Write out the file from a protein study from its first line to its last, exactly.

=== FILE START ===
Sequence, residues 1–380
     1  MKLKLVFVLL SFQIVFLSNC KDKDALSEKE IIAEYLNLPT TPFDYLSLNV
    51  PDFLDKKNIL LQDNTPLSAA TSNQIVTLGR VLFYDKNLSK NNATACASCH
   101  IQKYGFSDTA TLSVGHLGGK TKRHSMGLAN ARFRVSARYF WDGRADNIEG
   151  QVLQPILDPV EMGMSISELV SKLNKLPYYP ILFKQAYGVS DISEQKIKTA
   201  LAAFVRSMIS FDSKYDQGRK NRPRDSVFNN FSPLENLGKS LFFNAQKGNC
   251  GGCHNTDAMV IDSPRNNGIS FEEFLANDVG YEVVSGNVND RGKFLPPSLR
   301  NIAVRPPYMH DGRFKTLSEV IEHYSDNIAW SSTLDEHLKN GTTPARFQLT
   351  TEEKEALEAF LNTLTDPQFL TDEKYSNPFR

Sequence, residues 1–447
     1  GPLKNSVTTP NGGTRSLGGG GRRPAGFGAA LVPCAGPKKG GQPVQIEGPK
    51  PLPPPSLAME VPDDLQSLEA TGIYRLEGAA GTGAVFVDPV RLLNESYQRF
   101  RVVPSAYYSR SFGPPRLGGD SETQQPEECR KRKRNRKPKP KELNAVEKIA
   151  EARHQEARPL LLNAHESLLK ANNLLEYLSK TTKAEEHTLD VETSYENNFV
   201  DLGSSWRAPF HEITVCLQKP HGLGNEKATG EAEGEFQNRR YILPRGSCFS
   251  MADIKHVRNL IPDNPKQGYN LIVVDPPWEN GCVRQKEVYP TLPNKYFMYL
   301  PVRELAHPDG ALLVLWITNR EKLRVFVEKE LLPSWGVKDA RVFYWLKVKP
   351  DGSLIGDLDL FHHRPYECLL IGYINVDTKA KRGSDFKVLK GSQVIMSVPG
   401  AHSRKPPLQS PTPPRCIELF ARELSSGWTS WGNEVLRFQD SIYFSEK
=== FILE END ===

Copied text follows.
Sequence, residues 1–380
     1  MKLKLVFVLL SFQIVFLSNC KDKDALSEKE IIAEYLNLPT TPFDYLSLNV
    51  PDFLDKKNIL LQDNTPLSAA TSNQIVTLGR VLFYDKNLSK NNATACASCH
   101  IQKYGFSDTA TLSVGHLGGK TKRHSMGLAN ARFRVSARYF WDGRADNIEG
   151  QVLQPILDPV EMGMSISELV SKLNKLPYYP ILFKQAYGVS DISEQKIKTA
   201  LAAFVRSMIS FDSKYDQGRK NRPRDSVFNN FSPLENLGKS LFFNAQKGNC
   251  GGCHNTDAMV IDSPRNNGIS FEEFLANDVG YEVVSGNVND RGKFLPPSLR
   301  NIAVRPPYMH DGRFKTLSEV IEHYSDNIAW SSTLDEHLKN GTTPARFQLT
   351  TEEKEALEAF LNTLTDPQFL TDEKYSNPFR

Sequence, residues 1–447
     1  GPLKNSVTTP NGGTRSLGGG GRRPAGFGAA LVPCAGPKKG GQPVQIEGPK
    51  PLPPPSLAME VPDDLQSLEA TGIYRLEGAA GTGAVFVDPV RLLNESYQRF
   101  RVVPSAYYSR SFGPPRLGGD SETQQPEECR KRKRNRKPKP KELNAVEKIA
   151  EARHQEARPL LLNAHESLLK ANNLLEYLSK TTKAEEHTLD VETSYENNFV
   201  DLGSSWRAPF HEITVCLQKP HGLGNEKATG EAEGEFQNRR YILPRGSCFS
   251  MADIKHVRNL IPDNPKQGYN LIVVDPPWEN GCVRQKEVYP TLPNKYFMYL
   301  PVRELAHPDG ALLVLWITNR EKLRVFVEKE LLPSWGVKDA RVFYWLKVKP
   351  DGSLIGDLDL FHHRPYECLL IGYINVDTKA KRGSDFKVLK GSQVIMSVPG
   401  AHSRKPPLQS PTPPRCIELF ARELSSGWTS WGNEVLRFQD SIYFSEK